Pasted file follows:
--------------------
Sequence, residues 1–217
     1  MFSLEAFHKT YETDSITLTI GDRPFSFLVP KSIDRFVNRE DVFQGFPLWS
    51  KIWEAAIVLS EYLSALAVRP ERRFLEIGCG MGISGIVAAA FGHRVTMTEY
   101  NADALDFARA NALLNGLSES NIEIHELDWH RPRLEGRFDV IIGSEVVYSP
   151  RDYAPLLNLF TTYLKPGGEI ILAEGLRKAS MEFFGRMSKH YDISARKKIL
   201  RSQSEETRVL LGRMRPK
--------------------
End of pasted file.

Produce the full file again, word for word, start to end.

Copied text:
Sequence, residues 1–217
     1  MFSLEAFHKT YETDSITLTI GDRPFSFLVP KSIDRFVNRE DVFQGFPLWS
    51  KIWEAAIVLS EYLSALAVRP ERRFLEIGCG MGISGIVAAA FGHRVTMTEY
   101  NADALDFARA NALLNGLSES NIEIHELDWH RPRLEGRFDV IIGSEVVYSP
   151  RDYAPLLNLF TTYLKPGGEI ILAEGLRKAS MEFFGRMSKH YDISARKKIL
   201  RSQSEETRVL LGRMRPK